Home' Asia Pacific Defence Reporter : APDR March 2017 Contents MILITARY ISSUES
Security-wise, Japan is more concerned with North
Korea (tirelessly developing nuclear-tipped ballistic
missile technology) and China (building artificial
islands in East China Sea). Sometimes, a Russian
military build-up is mentioned among other excuses to
enlarge the Japan Self-Defense Forces (JSDF). Every
new issue of the "White Book" from the Japanese
defense ministry complains about an ever-increasing
number of drills on the Kuril island chain and in north
Pacific waters. The most recent edition states that
Russian armed forces stationed on the Northern
Territories are being reformed and improved, and
used as "a power demonstration tool".
As things stand, the JSDF enjoys numerical
superiority over the Russian army in the theater. It
has more servicemen and fields more supersonic
fighters (350), submarines (19, with plans to
increase to 22), destroyers (49, including training
ships) and aircraft-carrying cruisers (four, officially
classified as "helicopter destroyers").
The composition and equipment of Japanese and
Russian forces are vastly different. Russia deploys
less aircraft and warships in the area , but is superior
in missiles. Additionally, it possesses a powerful
strategic nuclear deterrent capability, whereas the
JSDF is not allowed to have them by the nature of
Traditionally, Moscow puts a premium on missile
technology. The latter has been playing the major
role in defense of the Far East since 1960, when
the first shore-based missile battery came into
service. Since earlier this decade, Russia began
fielding modern missile systems at key points along
its Pacific coastline. Officials stress that these
systems are being deployed as part of long-term
plans to bolster national security. Commenting on
such developments, the ministry for foreign affairs
never fails to attach a statement that “the Kurils are
an essential and inseparable part of Russia”.
Visiting Kunashir Island in 2011, then-defense-
minister Anatoly Serdyukov announced a big
program to re-equip Kuril garrisons. Among the
first measures to strengthen air defenses, was
the deployment of Thor-M2U short-range air-to-air
systems (SRAAM). Another SRAAM, the Pantsyr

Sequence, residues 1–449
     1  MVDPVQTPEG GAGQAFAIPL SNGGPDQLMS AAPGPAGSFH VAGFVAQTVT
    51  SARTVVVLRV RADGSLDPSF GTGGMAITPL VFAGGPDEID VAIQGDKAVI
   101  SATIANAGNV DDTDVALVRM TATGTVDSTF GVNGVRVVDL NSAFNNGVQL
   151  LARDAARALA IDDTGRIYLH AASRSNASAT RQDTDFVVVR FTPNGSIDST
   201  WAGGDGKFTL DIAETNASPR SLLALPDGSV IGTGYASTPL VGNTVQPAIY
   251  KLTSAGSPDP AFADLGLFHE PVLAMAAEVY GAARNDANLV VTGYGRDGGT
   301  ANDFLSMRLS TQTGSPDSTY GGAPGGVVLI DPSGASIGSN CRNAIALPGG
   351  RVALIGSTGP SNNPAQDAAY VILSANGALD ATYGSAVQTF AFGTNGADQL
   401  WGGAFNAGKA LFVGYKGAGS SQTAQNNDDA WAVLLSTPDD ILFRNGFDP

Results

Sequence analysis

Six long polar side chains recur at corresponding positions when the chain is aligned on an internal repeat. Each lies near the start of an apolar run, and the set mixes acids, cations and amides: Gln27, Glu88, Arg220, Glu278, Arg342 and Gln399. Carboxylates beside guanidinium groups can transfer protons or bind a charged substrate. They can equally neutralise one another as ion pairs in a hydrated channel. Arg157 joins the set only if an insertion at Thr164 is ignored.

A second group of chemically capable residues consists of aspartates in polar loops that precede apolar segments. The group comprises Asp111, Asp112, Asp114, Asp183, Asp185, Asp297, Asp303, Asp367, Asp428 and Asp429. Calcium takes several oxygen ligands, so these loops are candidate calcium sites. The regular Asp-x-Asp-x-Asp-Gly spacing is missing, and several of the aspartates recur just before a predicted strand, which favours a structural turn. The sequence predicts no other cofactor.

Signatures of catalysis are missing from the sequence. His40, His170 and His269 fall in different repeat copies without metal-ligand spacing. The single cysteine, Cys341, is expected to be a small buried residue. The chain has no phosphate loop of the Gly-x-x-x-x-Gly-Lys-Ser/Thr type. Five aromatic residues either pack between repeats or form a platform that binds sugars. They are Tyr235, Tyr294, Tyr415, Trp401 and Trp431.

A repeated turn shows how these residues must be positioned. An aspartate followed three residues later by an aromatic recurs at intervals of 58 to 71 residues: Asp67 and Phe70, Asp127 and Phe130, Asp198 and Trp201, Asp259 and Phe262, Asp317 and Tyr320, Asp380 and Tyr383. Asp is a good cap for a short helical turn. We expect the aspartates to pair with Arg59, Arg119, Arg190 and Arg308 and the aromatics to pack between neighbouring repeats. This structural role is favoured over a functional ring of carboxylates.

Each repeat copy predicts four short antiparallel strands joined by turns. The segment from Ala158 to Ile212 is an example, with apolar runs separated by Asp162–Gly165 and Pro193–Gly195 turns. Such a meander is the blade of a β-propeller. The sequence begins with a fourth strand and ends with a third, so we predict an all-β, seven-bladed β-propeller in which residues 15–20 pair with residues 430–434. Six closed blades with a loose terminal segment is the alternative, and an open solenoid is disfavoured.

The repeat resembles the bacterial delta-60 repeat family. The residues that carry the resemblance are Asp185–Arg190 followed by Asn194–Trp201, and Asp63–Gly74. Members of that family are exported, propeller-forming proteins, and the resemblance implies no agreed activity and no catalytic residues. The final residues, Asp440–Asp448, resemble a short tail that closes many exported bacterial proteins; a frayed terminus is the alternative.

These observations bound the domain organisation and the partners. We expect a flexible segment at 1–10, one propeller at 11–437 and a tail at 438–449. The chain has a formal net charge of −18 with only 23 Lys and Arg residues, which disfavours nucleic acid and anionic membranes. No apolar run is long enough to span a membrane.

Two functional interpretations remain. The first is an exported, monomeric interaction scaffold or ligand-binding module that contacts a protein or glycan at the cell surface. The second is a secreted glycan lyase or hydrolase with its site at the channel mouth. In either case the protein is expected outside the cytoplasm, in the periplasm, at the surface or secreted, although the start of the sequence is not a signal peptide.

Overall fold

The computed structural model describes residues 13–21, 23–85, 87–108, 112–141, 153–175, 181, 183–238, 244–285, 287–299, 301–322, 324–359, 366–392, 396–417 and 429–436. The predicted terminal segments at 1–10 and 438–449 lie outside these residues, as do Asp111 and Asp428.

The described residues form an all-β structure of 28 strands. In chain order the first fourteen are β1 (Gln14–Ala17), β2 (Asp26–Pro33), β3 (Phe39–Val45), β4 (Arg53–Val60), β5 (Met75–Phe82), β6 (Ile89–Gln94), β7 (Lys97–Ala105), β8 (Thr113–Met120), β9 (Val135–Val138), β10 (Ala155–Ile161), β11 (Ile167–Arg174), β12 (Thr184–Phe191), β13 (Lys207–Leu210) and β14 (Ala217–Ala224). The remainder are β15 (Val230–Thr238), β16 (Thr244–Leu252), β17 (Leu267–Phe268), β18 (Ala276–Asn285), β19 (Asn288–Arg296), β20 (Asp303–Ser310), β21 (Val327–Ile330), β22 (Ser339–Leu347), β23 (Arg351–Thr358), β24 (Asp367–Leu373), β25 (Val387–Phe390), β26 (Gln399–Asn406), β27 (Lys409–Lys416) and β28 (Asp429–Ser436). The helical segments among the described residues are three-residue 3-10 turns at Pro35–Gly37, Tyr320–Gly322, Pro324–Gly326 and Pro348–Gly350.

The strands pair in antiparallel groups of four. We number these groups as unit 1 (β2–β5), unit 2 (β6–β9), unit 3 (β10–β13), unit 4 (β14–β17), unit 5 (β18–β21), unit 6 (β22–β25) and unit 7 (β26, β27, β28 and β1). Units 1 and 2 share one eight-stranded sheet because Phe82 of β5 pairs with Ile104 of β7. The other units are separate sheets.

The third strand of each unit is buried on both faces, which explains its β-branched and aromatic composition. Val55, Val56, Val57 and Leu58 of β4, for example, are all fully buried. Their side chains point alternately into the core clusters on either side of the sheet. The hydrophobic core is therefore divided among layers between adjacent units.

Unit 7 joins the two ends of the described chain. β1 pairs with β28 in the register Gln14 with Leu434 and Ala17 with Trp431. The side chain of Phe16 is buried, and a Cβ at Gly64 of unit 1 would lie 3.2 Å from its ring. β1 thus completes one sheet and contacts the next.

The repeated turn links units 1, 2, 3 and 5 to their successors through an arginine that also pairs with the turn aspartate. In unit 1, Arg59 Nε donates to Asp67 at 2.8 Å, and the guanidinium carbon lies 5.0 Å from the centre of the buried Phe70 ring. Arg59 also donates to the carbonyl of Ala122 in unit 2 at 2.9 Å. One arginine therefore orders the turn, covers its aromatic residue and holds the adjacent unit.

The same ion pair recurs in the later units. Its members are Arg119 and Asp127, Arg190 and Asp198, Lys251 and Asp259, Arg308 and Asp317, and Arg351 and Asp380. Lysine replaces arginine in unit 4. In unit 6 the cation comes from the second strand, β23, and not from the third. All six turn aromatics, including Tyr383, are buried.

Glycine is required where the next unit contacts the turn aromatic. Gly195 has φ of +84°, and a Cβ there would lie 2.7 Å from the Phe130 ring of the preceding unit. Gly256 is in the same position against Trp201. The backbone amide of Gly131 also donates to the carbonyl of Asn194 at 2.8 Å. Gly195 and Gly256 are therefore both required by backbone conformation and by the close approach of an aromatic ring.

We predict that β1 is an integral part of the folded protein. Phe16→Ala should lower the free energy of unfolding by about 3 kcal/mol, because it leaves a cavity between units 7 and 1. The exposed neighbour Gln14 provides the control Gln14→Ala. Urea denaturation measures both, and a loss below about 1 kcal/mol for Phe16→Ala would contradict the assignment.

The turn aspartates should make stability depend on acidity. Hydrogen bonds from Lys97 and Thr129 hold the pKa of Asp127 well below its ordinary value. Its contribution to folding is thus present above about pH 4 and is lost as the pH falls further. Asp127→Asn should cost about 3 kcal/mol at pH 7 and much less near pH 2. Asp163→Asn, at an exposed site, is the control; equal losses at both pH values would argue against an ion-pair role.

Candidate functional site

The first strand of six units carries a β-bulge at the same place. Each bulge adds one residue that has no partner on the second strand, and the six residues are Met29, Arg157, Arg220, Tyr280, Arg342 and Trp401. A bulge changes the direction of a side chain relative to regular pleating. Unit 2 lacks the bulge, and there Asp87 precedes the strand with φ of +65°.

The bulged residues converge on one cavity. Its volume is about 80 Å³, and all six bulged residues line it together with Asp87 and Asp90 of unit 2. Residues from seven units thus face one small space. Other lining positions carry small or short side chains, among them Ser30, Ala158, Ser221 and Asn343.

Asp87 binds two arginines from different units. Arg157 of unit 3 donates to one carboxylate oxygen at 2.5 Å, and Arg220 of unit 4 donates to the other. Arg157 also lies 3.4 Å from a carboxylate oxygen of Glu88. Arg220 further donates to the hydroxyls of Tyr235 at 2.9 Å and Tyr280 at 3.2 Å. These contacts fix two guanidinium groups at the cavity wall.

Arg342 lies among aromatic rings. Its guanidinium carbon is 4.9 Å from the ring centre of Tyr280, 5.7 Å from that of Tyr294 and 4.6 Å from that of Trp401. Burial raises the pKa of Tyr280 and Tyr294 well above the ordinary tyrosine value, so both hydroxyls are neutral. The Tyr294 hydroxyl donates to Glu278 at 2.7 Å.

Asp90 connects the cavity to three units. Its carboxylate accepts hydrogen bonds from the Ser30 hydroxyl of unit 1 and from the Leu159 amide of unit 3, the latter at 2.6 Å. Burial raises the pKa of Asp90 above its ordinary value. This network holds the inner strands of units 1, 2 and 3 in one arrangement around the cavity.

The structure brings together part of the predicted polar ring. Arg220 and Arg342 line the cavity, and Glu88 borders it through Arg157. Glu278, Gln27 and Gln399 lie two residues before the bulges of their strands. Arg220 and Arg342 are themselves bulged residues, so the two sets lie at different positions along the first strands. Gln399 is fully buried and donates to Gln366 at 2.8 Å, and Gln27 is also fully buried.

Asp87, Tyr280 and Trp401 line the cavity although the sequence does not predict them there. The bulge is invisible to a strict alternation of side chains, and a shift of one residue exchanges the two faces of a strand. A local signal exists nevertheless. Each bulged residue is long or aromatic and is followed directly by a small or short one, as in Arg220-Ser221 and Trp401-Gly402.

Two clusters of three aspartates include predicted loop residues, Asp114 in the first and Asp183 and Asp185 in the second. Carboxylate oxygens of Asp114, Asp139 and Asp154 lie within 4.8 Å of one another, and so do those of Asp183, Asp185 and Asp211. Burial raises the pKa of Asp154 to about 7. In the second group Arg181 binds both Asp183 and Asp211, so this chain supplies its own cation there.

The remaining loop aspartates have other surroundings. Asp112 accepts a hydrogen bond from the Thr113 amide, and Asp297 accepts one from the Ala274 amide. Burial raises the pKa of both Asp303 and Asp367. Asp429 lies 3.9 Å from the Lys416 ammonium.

S1, will replace older Tunguska and Shilka systems
in service with the 18th Division.
Expected shortly is the long-range S-400 Triumph,
whose planned deployment was announced by the
Russian MoD back in 2014 (since 2015, S-400
batteries have been operational on the mainland
and Kamchatka peninsula). There have also been
reports about the forthcoming placement of Buk
M2/M3 medium range air defense systems. These
can guide their missiles onto sea going targets,
which increases the Buk’s value in coastal defense.
More recent press reports from Russia's Eastern
Military District spoke of an army unit in the
Khabarovsk Region having received several sets of
Krasukha-4 electronic warfare systems. These can
fool the radars of hostile aircraft and satellites, and
are capable of degrading the performance of most
modern radar and electronic surveillance systems
across a wide waveband.
Speaking to the media in March 2016, defense
minister Sergei Shoigu promised Eleron-3 UAVs and
modern anti-ship weapons for the far east. Press
reports in November 2016 confirmed the fielding
of the Bal cruise missile system (SS-C6) on Iturup
and the Bastion (SS-C5) on Kunashir. A battery of
each is now operational with the Pacific Fleet’s 72
shore missile brigade (previously known as 451
independent missilery and artillery brigade). This
unit continues to operate older Rubezh (SS-C3)
with 2.5 -tonne P-15M Termit missiles (on Sakhalin)
and Redut (SS-C1) with 4.4 -tonne P-35B missiles
The Bastion's 4-tonne supersonic missiles can
defeat seagoing targets at a maximum range of
350 km and land targets at 450 km. Broadly similar
to the U.S . Harpoon, the subsonic Kh-35 weapon
employed by the Bal is notably lighter (620kg),
and has a firing range of 120-130km. Its recent
“ U ” version has the range boosted to 240-300 km.
Recent military parades in Vladivostok - the largest
port city on Russia's Pacific coast – have indicated
that both systems are already present in the area.
After the collapse of the Soviet Union, the Russian
aircraft inventory in the Far East reduced substantially.
Half of the larger air bases closed down.
Several islands in the chain used to have
aerodromes. Today, none have a proper air force
base. The nearest AFBs on the mainland are about
a thousand kilometers distant. They house the 22nd
and 23rd Fighter Regiments armed with Sukhoi
Su-27SM, Su-30 and Su-35 multirole fighters. A
frontal bomber regiment at the Khurba AFB near
Komsomolsk-upon-Amur is replacing Su-24Ms with
more modern Su-34s.
The Russian navy aviation’s major aerodromes
are found around and to the north of Vladivostok.
Stationed there are Tu-142 ASW aircraft and
Tu-22M3 “carrier-killer” supersonic bombers.
Elizovo on the Kamchatka peninsula is a home base
for MiG-31 interceptors with a top speed of Mach
2.83, Ilyushin Il-38 ASW aircraft (including a pair of
recently modified examples with the Novella sensor
suite) and helicopters.
42 Asia Pacific Defence Reporter MAR 2017
Project 1155 large antisubmarine ship
Credit: V Karnozov
Tokyo has been monitoring closely (as well as enviously and
jealously) the process of Moscow and Beijing making big deals
on oil and natural gas.
24/02/2017 2:49 PM
Links Archive APDR Feb 2017 APDR April 2017 Navigation Previous Page Next Page